“Discussion Questions for Your Book Club,” my most recent short story, has been published in the new summer issue of Prism International, a literary magazine based out of B.C., and you can find it on the bookshelves nationwide now. I found a copy at Type Books! You can also order your copy online if you don’t live in Canada or near a book seller!
Plotless fiction! Why I never! Type Books, I resent that!
There’s a funny story behind this. So I’ve been a huge fan of Prism for years and have been trying to crack into their pages for over a decade. EASILY over a decade. Over the past year, I noticed that when I submitted a piece to their fiction editor (who recently left the mag….sad face!), he would reply with awfully kind and encouraging rejections. He was like, “I like this a lot. I can’t use it though. Submit to me again!”
So I kept submitting every time I had something new. And his replies were like, “Okay I laughed out loud at this, it’s hella-funny! Still can’t use it, but submit again!”
Personalized rejections are rare in this business, so I didn’t take his encouragement for granted. I kept trying and trying and trying. But, when you submit to magazines online using Submittable, you have to pay a small fee (which is standard across the board), so because I was submitting so much, he was like, “Your next submission is on me, just email it to me, and I’ll plug it into Submittable manually for you.”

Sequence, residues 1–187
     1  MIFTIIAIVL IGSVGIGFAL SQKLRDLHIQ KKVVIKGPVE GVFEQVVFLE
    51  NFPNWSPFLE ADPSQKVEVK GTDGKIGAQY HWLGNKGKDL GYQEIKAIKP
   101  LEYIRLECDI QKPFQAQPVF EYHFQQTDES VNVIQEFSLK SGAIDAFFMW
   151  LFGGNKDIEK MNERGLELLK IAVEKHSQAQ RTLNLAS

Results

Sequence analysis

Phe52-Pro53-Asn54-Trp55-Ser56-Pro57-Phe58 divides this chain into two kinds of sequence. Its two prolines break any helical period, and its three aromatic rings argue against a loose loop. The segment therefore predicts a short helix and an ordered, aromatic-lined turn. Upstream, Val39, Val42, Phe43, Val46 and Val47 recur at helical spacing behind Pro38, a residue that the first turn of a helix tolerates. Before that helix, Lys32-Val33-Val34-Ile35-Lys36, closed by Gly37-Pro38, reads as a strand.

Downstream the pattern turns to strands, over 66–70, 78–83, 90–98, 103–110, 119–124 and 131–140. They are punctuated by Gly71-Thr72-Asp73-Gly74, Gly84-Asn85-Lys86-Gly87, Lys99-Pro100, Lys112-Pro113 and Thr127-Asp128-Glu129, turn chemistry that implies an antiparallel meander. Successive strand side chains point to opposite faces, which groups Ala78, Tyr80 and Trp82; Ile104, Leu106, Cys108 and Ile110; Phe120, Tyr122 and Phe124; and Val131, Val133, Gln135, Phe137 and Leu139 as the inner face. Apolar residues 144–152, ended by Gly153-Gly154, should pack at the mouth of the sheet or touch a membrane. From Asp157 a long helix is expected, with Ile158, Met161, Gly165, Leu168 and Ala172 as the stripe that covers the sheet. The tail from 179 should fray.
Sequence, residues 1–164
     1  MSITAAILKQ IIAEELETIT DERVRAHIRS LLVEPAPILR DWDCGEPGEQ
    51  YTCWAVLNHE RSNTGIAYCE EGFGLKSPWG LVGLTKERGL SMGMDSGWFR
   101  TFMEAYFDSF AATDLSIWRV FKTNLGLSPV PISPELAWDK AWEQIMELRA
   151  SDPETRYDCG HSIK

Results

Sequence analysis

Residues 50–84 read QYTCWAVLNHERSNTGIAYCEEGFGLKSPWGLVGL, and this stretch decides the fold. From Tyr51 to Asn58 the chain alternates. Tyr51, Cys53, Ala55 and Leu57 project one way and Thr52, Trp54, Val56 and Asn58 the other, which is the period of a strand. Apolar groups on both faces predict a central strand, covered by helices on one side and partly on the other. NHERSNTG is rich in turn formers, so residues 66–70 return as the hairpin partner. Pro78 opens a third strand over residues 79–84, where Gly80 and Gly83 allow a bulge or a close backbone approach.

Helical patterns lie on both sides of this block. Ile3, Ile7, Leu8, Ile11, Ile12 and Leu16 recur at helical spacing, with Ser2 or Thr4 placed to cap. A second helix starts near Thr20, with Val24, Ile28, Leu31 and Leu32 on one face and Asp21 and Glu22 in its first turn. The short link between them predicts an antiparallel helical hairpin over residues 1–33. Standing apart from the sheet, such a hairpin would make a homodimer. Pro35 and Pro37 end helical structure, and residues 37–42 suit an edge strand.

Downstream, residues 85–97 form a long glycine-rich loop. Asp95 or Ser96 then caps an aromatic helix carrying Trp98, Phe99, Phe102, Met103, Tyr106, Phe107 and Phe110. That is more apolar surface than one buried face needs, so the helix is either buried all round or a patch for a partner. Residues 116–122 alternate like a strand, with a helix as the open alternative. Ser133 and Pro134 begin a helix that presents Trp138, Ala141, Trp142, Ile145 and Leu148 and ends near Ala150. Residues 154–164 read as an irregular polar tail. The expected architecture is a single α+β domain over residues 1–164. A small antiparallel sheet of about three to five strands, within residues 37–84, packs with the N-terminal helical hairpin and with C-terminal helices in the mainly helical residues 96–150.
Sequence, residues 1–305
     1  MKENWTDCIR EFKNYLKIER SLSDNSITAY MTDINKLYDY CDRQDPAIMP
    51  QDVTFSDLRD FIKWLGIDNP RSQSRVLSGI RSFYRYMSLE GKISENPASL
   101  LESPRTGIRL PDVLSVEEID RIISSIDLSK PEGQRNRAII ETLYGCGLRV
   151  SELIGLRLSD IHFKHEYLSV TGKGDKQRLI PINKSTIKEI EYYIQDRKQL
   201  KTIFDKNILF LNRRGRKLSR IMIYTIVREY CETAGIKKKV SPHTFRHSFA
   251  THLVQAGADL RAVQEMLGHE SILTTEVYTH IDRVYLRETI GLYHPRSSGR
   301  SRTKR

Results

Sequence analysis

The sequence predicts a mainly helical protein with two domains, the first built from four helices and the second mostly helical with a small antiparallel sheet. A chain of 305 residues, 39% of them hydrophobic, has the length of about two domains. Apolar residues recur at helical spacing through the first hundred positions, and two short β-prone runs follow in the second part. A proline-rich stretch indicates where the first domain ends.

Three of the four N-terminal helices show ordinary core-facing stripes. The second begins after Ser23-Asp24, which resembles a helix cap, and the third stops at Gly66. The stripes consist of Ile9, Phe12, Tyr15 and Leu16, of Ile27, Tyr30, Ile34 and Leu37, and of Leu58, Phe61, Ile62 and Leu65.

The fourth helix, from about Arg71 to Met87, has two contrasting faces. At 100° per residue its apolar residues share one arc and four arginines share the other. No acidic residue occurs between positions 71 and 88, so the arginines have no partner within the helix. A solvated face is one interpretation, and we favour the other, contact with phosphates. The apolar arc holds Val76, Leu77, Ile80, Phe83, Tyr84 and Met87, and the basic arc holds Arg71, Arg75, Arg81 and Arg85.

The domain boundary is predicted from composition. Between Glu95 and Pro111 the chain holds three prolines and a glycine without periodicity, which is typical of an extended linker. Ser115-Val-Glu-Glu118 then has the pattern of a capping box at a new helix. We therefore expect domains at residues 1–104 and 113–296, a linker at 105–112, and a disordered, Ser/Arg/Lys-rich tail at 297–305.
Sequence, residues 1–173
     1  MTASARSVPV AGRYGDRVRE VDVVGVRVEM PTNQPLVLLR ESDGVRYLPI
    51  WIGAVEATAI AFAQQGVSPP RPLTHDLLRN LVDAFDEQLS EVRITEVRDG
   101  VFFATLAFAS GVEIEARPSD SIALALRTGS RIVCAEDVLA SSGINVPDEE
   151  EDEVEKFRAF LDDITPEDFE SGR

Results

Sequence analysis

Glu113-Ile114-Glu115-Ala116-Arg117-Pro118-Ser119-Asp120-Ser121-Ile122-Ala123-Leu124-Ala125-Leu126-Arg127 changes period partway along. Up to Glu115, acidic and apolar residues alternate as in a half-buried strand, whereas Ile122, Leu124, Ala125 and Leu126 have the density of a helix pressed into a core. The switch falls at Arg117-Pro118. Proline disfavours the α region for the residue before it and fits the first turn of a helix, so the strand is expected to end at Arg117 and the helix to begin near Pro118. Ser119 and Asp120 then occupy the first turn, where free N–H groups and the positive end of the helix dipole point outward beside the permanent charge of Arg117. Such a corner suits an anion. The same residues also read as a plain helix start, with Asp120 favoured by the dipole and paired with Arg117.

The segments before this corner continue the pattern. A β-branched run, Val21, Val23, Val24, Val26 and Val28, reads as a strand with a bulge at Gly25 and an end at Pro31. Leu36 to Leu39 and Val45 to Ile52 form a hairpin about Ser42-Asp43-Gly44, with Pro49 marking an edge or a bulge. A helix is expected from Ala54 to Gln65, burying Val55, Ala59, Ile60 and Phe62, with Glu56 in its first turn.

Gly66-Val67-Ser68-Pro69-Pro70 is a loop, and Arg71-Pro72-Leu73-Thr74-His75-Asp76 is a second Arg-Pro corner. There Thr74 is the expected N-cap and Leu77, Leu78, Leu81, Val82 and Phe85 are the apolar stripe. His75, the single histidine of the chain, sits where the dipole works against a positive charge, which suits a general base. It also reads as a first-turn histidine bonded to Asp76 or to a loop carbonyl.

Which was super duper kind of him, he didn’t have to do that at all. Anyway, it was that very free submission that turned out to be the winner. He got back to me and was like, “YAAS QUEEN.”
I’m paraphrasing of course.
But you get the idea.
TL;DR – Sure, talent is your most important asset, but you also need drive, ambition, patience, and persistence. If you don’t have those qualities, you won’t last. HUSTLE YOUR ASSES OFF, MY LITTLE CREATIVE MUNCHKINS.
One last thing I’ll say about this story — before I submitted it to Prism, I submitted it to Granta, a huuuuuuge literary magazine based out of the UK. They’re a big deal. They were doing a themed issue on Canada and were looking for Canadian writers and Canadian stories. The issue was edited by Canadian literary superstars Madeleine Thien and Catherine Leroux. Anyway, I got a rejection letter. Which is pretty standard in this industry, I get rejection letters all the time, and they’ve never bothered me. I’ve been lucky with some of the kind rejections I’ve received (like Prism!), but getting a personalized rejection is RARE. Like, it almost never happens. Boilerplate rejections are par for the course. So imagine my surprise when superstar Madeleine Thien added a personalized note at the bottom of the rejection letter!!
Sometimes, for a writer, all it takes is a little bit of encouragement and some nice words from a stranger to put you right again.
And almost directly following this, Prism was like, GURRRRRRL, this is dope. Done. Sold. Sign here.
Anyway, if you’ve read the story, I’d love your thoughts, comments, and feedback.
And as always, don’t forget to check out the official Christine Estima dot com for more of my published stories, essays, interviews, plays, and more!